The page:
> Of the three works mentioned above only Jeavon's book deals the issue of how
> much of one's diet can be produced on a small garden. The other two books are
> strictly how-to books that do not discuss this subject at all. Jaevon's book
> deals with this mostly obliquely in comparisons of estimated energy and
> water consumption between commercial agriculture and the
> biodynamic/french intensive method. The only place I have been able to find
> in which Jeavon's deals with this directly is on page 68 (Jeavons,J.
> 1991. How to Grow More Vegetables. Revised. Ten Speed Press. Berkely
> California). ...
In short, none of these sources address the question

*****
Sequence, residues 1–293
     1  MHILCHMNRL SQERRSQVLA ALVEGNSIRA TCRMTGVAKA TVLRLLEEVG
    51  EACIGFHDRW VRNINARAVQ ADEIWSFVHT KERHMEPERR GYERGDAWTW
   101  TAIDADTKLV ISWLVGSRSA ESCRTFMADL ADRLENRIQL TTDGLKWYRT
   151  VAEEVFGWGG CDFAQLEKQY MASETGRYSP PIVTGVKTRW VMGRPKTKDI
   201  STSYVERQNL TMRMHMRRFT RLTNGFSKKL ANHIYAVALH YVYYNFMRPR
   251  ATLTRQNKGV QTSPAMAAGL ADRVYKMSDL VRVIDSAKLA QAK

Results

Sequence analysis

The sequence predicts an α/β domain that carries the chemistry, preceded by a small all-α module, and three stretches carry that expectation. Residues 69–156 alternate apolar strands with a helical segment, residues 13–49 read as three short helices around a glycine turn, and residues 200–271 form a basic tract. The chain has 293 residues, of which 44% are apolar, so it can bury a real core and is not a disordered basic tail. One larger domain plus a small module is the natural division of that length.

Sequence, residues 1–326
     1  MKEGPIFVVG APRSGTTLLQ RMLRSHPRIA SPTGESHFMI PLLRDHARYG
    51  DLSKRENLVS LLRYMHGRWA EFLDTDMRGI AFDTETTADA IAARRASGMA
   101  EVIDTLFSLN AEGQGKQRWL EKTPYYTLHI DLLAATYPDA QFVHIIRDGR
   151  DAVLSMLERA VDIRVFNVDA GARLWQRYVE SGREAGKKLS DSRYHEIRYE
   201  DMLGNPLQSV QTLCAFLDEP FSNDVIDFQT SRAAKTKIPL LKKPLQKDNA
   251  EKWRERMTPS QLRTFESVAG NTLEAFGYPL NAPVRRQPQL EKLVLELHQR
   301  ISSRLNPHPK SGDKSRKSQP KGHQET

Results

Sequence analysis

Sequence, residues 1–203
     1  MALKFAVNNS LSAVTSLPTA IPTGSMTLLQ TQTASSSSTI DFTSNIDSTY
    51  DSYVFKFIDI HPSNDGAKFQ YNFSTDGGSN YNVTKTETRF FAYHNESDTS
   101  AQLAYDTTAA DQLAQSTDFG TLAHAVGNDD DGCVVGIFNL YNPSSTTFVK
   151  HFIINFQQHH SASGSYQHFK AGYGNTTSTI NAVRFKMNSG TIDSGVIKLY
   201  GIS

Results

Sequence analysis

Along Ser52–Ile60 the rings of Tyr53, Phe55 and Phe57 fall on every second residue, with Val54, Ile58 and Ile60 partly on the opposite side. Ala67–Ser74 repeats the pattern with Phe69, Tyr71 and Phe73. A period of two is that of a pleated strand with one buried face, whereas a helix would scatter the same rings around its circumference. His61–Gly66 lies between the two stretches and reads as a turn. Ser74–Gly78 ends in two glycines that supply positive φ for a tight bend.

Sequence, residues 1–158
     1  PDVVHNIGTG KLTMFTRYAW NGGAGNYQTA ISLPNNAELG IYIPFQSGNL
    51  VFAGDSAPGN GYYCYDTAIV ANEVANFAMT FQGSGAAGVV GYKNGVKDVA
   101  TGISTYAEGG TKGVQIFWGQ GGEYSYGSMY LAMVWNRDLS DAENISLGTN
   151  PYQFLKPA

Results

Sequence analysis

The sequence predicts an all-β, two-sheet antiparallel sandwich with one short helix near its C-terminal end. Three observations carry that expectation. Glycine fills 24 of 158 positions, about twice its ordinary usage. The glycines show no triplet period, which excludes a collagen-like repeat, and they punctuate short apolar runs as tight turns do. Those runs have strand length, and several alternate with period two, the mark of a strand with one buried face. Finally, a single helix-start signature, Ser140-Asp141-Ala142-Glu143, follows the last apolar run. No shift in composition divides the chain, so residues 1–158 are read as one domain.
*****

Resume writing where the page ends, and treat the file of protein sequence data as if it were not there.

Oh dear me, I can't resist putting half a cent's worth of
comment into this discussion. All the books which have been
mentionned so far are actually quite recent. There hasn't been
any real incentive for at least 30 or 40 years for people to
produce a large part of their diet in a backyard garden.
However, I would be willing to bet that if we went into the
literature put out by USDA and others about the Victory gardens
of WWI and WWII we would find the figures to answer this
question. I have the distinct feeling that I have seen
charts/tables giving this kind of data, but for the life of me
I can't remember where. From where I sit, I don't have access
to old USDA pubs or old agricultural journals (with the
exception of the Yearbooks of Agriculture) but for those of you
who do, go do some digging, I think you will be fascinated with
what you find published in those "bygone" days :). If I can
find anything in the Yearbooks of Ag, I post it. If anyone
else finds anything I hope you will post that.
Happy hunting and best wishes to all
-- Margaret Merrill Jefferson Madison Regional Library 201 E. Market St. Charlottesville, VA 22902-5287 email@example.com